• The text claims that German biologist Stefan Lanka – a notorious anti-vaccine activist who publicly said that the human immunodeficiency virus that causes AIDS did not exist – won a case in 2016 at the “German Federal Supreme Court”, which allegedly declared in its ruling that there was no evidence of the existence of the measles virus.
  • First, the highest court of civil and criminal law in Germany is not called the “Federal Supreme Court,” but the “Federal Court of Justice” (Bundesgerichtshof, in German).
  • In November 2011, in a post on the web, Lanka offered a reward of 100,000 euros to anyone who provided proof of the existence of the measles virus. In January 2012, then medical student David Bardens responded to the challenge, presenting six studies that provided proof of the existence of the measles virus. In March 2012, Lanka said that the evidence presented did not meet the requirements of the challenge and therefore would not pay the reward, which led Bardens to take the case to the German courts.
  • On March 12, 2015 the Ravensburg Regional Court ruled in Bardens' favor, requiring Lanka to pay the 100,000 euro reward. Lanka appealed and, on February 16, 2016 the Higher Regional Court of Stuttgart overturned the Ravensburg court's decision, stating that the studies presented by Bardens did not meet the criteria established by Lanka.
  • According to local press reports at the time, Judge Karl-Heinz Oleschkewitz, then president of the Stuttgart Higher Regional Court, said that the decision was “purely legal,” linked to the rules imposed by Lanka to award the prize money, and there was no assessment of the merits of the existence or not of the measles virus. Bardens tried to take the case to the Federal Court of Justice, which rejected his appeal in December 2016.

WEF’s Klaus Schwab has not admitted that a “political revolution” is destroying his “Great Reset” agenda

False claim: Social media users around the world have shared a screenshot of an alleged news article claiming that the CEO and founder of the World Economic Forum, Klaus Schwab, had admitted that a “political revolution” is destroying his “Great Reset” agenda.


  • An internet search shows that the article was originally published on January 19, 2023 on the website The People's Voice – previously called Your News Wire and NewsPunch –, famous for promoting disinformation and conspiracy theories.
  • The article presents as alleged evidence of the claim a 38-second clip from a speech by Schwab, published on January 18, 2023 by an X account that shares far-right content and conspiracy theories.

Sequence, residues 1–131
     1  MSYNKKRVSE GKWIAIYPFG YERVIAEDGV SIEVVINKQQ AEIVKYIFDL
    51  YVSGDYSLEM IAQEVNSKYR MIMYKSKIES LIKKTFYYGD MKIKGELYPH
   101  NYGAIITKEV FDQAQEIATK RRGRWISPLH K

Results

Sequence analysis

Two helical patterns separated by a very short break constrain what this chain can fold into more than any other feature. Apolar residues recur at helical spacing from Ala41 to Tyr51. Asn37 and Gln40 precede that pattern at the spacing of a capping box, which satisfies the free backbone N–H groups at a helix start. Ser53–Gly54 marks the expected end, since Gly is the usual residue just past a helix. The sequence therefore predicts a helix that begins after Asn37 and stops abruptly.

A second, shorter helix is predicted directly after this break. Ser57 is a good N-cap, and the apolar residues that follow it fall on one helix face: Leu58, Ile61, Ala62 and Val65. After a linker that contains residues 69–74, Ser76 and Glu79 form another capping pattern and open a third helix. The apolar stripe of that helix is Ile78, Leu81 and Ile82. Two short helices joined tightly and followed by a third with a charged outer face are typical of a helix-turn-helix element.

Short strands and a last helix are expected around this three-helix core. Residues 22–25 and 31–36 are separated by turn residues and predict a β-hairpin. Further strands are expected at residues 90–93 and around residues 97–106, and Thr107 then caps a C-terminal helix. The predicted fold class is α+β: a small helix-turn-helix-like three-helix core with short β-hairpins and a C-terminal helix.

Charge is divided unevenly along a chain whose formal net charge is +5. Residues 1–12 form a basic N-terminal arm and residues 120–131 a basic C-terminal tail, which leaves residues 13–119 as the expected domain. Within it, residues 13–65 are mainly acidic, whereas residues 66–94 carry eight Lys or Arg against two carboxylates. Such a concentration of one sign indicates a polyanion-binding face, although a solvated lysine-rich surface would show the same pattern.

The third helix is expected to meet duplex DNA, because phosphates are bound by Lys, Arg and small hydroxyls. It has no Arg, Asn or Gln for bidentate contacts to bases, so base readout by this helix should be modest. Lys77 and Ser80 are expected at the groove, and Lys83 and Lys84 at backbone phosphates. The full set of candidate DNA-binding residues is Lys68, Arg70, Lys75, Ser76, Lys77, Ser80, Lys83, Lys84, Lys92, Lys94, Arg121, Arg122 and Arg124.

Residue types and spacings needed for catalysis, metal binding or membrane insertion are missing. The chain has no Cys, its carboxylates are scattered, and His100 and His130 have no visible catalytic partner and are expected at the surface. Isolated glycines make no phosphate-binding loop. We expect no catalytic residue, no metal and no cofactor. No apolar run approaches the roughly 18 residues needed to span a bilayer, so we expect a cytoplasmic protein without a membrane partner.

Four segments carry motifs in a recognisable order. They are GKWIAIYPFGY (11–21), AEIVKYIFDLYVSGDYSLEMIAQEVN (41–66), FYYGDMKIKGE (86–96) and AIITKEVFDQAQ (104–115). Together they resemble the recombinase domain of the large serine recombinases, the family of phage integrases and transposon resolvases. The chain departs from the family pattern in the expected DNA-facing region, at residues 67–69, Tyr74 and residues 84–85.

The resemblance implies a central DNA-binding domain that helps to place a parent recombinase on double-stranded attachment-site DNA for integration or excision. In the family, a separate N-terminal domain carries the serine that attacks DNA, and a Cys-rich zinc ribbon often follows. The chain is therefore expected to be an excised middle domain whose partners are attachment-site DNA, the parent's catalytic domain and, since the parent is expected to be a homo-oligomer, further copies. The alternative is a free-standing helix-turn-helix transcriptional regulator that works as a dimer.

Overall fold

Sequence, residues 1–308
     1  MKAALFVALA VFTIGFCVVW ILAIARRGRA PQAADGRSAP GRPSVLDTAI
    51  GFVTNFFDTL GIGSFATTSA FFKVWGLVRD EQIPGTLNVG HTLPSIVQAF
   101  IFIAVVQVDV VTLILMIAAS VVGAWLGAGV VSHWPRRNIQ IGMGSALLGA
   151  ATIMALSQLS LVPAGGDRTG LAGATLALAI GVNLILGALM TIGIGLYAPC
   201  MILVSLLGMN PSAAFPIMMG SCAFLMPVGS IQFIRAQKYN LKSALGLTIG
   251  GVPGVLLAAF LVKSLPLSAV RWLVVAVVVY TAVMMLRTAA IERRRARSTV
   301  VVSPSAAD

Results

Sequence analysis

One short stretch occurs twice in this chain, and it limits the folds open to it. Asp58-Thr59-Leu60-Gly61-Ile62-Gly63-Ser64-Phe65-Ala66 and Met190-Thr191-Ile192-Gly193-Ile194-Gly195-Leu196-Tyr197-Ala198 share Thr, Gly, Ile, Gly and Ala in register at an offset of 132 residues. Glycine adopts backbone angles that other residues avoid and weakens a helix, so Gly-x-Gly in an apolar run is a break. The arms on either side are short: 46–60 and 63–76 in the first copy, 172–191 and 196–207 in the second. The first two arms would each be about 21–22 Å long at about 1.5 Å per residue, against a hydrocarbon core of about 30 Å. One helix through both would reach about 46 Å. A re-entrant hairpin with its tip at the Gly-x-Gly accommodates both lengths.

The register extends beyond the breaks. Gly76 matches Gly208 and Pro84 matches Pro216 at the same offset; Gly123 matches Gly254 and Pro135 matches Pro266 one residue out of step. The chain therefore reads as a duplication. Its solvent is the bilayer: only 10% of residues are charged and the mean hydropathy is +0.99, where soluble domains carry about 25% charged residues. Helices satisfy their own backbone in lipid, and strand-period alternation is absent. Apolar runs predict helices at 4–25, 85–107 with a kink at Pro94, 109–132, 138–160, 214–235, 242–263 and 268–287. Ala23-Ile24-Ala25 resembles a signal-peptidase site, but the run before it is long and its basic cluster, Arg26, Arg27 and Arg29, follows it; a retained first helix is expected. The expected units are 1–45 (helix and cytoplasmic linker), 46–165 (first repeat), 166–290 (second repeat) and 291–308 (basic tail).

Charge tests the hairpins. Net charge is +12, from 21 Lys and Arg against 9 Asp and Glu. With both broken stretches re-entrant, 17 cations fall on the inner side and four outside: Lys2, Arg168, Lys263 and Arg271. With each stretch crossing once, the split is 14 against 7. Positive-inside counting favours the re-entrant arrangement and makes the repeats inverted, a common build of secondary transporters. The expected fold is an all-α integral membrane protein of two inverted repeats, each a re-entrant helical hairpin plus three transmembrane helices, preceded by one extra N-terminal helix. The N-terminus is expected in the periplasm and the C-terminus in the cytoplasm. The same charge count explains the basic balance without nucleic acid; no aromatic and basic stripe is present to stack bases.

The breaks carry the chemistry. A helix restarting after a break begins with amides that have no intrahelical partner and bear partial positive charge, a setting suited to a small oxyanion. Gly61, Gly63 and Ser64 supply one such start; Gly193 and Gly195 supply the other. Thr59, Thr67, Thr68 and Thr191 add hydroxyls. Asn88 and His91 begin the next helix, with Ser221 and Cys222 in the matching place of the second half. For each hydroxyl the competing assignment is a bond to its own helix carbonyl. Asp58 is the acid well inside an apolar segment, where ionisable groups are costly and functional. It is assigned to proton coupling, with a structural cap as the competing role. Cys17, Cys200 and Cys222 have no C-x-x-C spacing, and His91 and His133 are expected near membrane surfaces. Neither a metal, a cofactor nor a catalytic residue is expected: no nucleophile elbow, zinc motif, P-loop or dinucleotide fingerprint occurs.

• During the clip, Schwab appears saying: “You have this anti-system movement. What we are seeing is a revolution against the system. So fixing the present system is not enough. Now, there is of course an anti-system which is called libertarianism, which means to tear down everything, which creates some kind of influence of government into private lives. It's dismantling the system.”
  • A reverse image search shows that the full video of Schwab's speech was originally published on March 9, 2017 on the World Governments Summit YouTube channel. At no point in the recording does Schwab talk about the “Great Reset,” a term that would only be coined in 2020 to represent a World Economic Forum project focused on, in the body's own words, “urgently build the foundations of our economic and social system for a fairer, sustainable and more resilient post-COVID future.”

US supermarket did not start selling “doomsday” emergency food kits

False claim: Social media users in Brazil have shared a video in which a man shows emergency food kits in a supermarket.

According to the man, this type of food has recently started to be sold in Walmart stores in the United States. The posts claim that the sale of this “doomsday” emergency food kits is an indication of the imminent threat of a global catastrophe.


  • In the video shared on social media, it can be seen that the products on sale are from a company called Augason Farms, which has been making emergency food kits since the 1970s.
  • A search for the keywords “Walmart” and “Augason Farms” brings up a video published on YouTube on January 29, 2013 showing the same emergency food kits being sold eleven years ago in a Walmart store.